Other aspects, features and advantages of the present invention will become obvious from the following detailed description that is given for one embodiment of the present invention while referring to the accompanying drawings.
  • BRIEF DESCRIPTION OF THE DRAWINGS
  • [0017]
    [0017]FIG. 1 is an illustration of visual magnification apparatus in accordance with the invention.
  • [0018]
    [0018]FIG. 2 is a graph showing the time plot of a simple gesture command in accordance with the invention.
  • [0019]
    [0019]FIG. 3 is a graph showing how the image remains substantially constant over distance as well.
  • DETAILED DESCRIPTION OF THE INVENTION
  • [0020]
    The invention is an information processing apparatus and method having at least one VDU, typically utilizing a central processor as provided within a personal computer. A sensor which measures the distance between the user and the VDU is also provided. The purpose of the sensor enables the computer to determine the distance of the user in relation to the VDU, such that the size and content of information displayed upon the VDU can be automatically adjusted.
  • [0021]
    The software logic of the preferred embodiment behaves in such a way that as the user moves away from the VDU, the CPU causes the image rendered upon the VDU to enlarge any displayed information, thus counteracting the effects of perspective, which makes objects appear smaller the further away they are from the viewer.
  • [0022]
    [0022]FIG. 1 is an illustrative overview of the invention depicting example positions for user 100 and sensor 110.
  • [0023]
    Sensor 110 is a statically positioned measuring device which emits a signal, that when returned, enables sensor 110 to discern the distance between itself and any object at which it is pointed. Sensor 110 is known in the art in several forms, commonly appearing as ultrasonic tape measures or similar such instruments.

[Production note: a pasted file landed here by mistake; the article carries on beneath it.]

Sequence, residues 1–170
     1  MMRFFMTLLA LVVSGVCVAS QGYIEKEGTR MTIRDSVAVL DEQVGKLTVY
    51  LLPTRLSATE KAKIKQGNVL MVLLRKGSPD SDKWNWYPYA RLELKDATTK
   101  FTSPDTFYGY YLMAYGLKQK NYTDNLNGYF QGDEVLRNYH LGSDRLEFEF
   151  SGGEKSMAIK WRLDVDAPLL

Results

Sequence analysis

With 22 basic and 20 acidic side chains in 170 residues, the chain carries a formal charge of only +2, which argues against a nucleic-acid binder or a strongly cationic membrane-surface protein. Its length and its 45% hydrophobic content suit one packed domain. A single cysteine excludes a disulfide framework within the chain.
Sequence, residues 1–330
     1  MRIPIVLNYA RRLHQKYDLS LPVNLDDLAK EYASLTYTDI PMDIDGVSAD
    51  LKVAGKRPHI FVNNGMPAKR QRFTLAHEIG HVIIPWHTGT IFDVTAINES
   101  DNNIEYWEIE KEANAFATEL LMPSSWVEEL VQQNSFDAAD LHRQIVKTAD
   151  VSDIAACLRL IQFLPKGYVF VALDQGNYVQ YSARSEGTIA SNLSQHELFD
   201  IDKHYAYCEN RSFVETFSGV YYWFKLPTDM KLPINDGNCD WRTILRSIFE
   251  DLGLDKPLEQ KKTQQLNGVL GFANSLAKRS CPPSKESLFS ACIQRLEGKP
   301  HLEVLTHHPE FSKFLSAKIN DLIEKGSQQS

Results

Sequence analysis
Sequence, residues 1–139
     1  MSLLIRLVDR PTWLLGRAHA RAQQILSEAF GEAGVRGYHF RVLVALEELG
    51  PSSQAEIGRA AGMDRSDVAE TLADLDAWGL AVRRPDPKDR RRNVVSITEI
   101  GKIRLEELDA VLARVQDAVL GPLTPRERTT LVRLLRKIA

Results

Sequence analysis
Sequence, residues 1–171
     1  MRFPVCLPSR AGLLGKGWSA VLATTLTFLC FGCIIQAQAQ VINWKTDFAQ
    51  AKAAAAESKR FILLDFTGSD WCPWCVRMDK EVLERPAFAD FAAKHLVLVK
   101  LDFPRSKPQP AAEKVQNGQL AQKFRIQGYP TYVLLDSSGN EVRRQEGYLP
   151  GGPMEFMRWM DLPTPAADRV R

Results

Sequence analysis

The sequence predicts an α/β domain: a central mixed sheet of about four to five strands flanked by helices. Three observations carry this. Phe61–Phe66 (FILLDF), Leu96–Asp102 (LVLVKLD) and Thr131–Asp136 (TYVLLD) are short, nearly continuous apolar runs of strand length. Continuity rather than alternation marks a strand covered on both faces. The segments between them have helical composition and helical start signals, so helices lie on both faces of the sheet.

• [0024]
    Sensor 110 is connected to CPU 130, such that the distance between user 100 and VDU 120 is reported to CPU 130, which can then act upon the distance reported by sensor 110. Sensor 110 could be connected to the CPU 130 via an RS-232 connection or a parallel connection or by using a USB port, all of which are well known in the art.
  • [0025]
    Sensor 110 constantly records the distance between itself and user 100. Last recorded distance is defined as the most recent sample taken by sensor 100 to find the distance between itself and user 100.
  • [0026]
    Refresh rate is defined as the number of times per second that CPU 130 periodically queries sensor 100 to retrieve the last recorded distance.
  • [0027]
    Devices suitable for use as sensor 100 typically capture distance information many hundreds of times per second. CPU 130 will typically only use a refresh rate of approximately 25 times per second. The refresh rate can be modified in alternate embodiments to provide smoother transitions in size as the invention alters the magnification factor used to increase the size of the image displayed on VDU 120.
  • [0028]
    Higher refresh rates will obviously demand a higher powered CPU 130 than lower refresh rates, due to the amount of computing power required to resize and re-render any image displayed on VDU 120.
  • [0029]
    Furthermore, CPU 130 may take several the last recorded distances and compare them, looking for a sequence of near identical distances, which would indicate that the user has settled in a particular position and is not moving backwards and forwards, as may occur if user 100 were shuffling in their chair. This would minimize any risk of inducing motion sickness in user 100, which typically occurs if an image on VDU 120 alters in an unpredictable manner, or even appears to move up and down slightly, a problem which affects some players of video games.
  • [0030]
    User 100 can also use hand 140 to construct gestures which are then sensed by sensor 110.
  • [0031]
    In typical use, sensor 110 emits beam 150 which is reflected off of the head or body of user 100, thus sensing the distance between user 100 and sensor 110. As sensor 110 repeatedly emits beam 150 and user 100 moves away from sensor 110, sensor 110 will see a smooth increase in the distance between itself and user 100.
  • [0032]
    Any sudden change in the distance sensed between sensor 110 and user 1100 would mean that user 100 either moved out of the field of view of sensor 100, or that a larger than normal distance was reported, or that user 100 had interrupted beam 150 by placing a hand close to sensor 110.
  • [0033]
    Any of the sudden change in distance is interpreted by the invention to mean that user 100 has placed hand 140 in beam 150, causing sensor 110 to see a sudden decrease in distance between itself and user 100.
  • [0034]
    This forms the basis of a gesture recognition system found in the invention.
  • [0035]
    Command is defined as a collection of at least one gesture, where a gesture is detected by sensor 110 as a sudden change in distance, followed by a smooth increase or decrease in distance, followed by a final sudden change in distance.
  • [0036]